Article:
Future Snoqualmie Ridge lots change hands in $50-million-plus sale

This week, the Pulte Group, a Bloomfield, Mich.-based company, bought $50 million in lots and land from Snoqualmie Ridge II Development LLC, a joint venture of Quadrant Homes and Murray Franklyn Family of Companies. The sale included much of the future Ridge inventory in Eagle Pointe, Aster Creek and west of Snoqualmie Parkway, as well as land on Redmond Ridge.

Workers take a lunch break from lot development at Eagle Point as resident Mary Beth Emert walks her bloodhound

The rollicking sounds of “Good Lovin'” by the Young Rascals issued from the garage of future home number 58 on Eagle Pointe, keeping painter James Gillespie entertained as he rolled on another coat of Brazilian brown.

The region may be deep in a recession, but the sounds of work were still evident Tuesday, Dec. 28, at Eagle Pointe, an in-progress subdivision of Snoqualmie Ridge. Besides Gillespie’s classic rock, small backhoes rumbled, landscapers scraped and shoveled cement and large earthmovers prepared the ground for the next crop of houses, among the final ones in Eagle Pointe to go up under current ownership.

This week, the Pulte Group, a Bloomfield, Mich.-based company, bought $50 million in lots and land from Snoqualmie Ridge II Development LLC, a joint venture of Quadrant Homes and Murray Franklyn Family of Companies. The sale included much of the future Ridge inventory in Eagle Pointe, Aster Creek and west of Snoqualmie Parkway, as well as land on Redmond Ridge.

Snoqualmie Ridge residents won’t see many immediate changes as a result of the sale. Quadrant and Murray Franklyn will continue developing both residential and commercial properties on the Ridge and the joint venture will retain its role on the board of the Ridge Residential Owners’ Association (ROA). The “new” developers include an old face, Kirkland-based Centex, which has been building in the Pacific Northwest for 30 years, including properties in Phase I of the Ridge build-out.

Centex, Pulte Homes and Del Webb, the Pulte Group’s construction arms, will develop some 500 residential properties in their purchase areas of Plats 24 and 25, using existing homes as their models.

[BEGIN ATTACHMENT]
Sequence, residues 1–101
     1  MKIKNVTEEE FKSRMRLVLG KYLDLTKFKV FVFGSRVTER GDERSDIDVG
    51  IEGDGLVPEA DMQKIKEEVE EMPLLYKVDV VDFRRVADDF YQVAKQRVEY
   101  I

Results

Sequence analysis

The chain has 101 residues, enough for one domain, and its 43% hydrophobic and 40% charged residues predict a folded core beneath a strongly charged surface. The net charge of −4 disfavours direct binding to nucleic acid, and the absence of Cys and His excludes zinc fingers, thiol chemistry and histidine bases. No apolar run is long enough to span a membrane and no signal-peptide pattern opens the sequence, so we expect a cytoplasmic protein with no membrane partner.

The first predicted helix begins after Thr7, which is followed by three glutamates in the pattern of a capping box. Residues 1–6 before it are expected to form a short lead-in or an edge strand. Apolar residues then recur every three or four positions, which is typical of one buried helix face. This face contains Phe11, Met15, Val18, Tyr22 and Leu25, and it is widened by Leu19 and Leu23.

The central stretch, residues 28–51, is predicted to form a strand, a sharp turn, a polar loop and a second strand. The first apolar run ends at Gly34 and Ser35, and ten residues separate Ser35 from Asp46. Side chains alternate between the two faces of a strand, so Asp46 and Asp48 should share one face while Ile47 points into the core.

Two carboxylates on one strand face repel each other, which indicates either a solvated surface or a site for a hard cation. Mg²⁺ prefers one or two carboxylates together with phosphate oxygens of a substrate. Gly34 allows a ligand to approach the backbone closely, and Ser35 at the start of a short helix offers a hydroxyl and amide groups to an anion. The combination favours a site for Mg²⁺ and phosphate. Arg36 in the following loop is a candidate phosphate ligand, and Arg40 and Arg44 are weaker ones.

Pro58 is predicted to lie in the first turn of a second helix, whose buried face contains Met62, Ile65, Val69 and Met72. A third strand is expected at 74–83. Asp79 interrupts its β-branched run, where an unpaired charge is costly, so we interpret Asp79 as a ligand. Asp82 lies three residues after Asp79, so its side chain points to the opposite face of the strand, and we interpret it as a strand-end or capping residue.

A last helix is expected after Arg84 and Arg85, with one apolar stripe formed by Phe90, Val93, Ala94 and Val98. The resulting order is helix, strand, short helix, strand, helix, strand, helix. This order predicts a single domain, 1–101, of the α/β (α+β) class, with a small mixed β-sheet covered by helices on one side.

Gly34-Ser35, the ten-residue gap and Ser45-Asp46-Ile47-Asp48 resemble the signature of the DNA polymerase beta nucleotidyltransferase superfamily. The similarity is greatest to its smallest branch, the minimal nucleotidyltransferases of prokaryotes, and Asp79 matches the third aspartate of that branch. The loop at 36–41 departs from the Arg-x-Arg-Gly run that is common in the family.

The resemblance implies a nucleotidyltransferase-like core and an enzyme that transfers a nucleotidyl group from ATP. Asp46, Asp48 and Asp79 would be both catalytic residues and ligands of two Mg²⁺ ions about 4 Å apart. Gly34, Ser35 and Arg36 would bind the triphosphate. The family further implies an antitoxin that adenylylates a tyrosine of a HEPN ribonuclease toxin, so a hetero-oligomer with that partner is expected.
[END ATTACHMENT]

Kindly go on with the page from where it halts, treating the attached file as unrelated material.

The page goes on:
“I think both Murray Franklyn and Quadrant had starting building in most of these neighborhoods and had set the tone as far as quality. We want to continue to follow that tone,” said John Ochsner, Pulte Group Division President for the Pacific Northwest.

Quadrant Vice President David Dorothy said that his company would also serve as advisors to the Pulte Group developers.

“We want them to be successful,” he said.

As does the city of Snoqualmie. Mayor Matt Larson said city staff had been aware of the pending sale, but “we were careful not to meddle.”

The city’s concern, he said, was ensuring that the Pulte Group was “willing to and able to take on the commitments of the property,” including the impact fees associated with the development of a new community center starting this spring, and a new park in the summer. “All of the lots have a share of the obligation for mitigation for parks, schools, and other facilities.”

Snoqualmie is one of the fastest-growing communities in Washington, and has been for the past decade. Before the recession began, Larson said the city averaged a newly-built home each day of the year. Growth slowed, but did not stop during the recession, reducing the new-home numbers to about 100 per year.

The Pulte Group is one of the largest home-builders in the country and in a financially-stable position that reassured Larson.

“Pulte is a well-capitalized group,” he said, adding, “It bodes well for the community.”

The entire acquisition by the Pulte group represents close to 900 units, with seven different entities, said Ochsner. The Quadrant/Murray Franklyn joint venture sold about the bulk of the units, 500 in Snoqualmie Ridge and another 200 in Redmond Ridge.

Since the sale was finalized on Monday, Dec. 27, Ochsner said the company has not made specific plans yet regarding where and when the company would begin building homes. However, “I think we can actually start construction in the second quarter of 2011,” he added.

The effect of the new build-out on construction jobs in the area isn’t clear yet. Ochsner said the Pulte Group already employs several area sub-contractors, but added “this is going to bring other opportunities.”

Same standard?

Life went on as usual in the wake of the sale for Eagle Pointe residents like Mary Beth Emert.

The Realtor and flight attendant moved uphill from Aster Creek three months ago.

“I love it up here,” Emert said. “I’ve watched it evolve over the years. Things have been moving along here pretty well.”

Emert’s only concern with a Ridge sale is that the new builder follow the pattern set by Murray Franklyn.

“I’d hate for them to bring in something that doesn’t look as good… that doesn’t fit,” she said. “I think this works.”

Construction workers on Snoqualmie Ridge were optimistic that the sale will mean continued work building high-quality homes, and commented that only the strongest, best developers are still in business.

“It’s a big change,” said Gillespie, who has painted houses in The Heights, Palisades and Bandera neighborhoods for RC Painting Co. of Woodinville. “We’ve done a lot of work with Murray Franklyn, so hopefully we can pick up some work with the new builder. We definitely need to keep working.”

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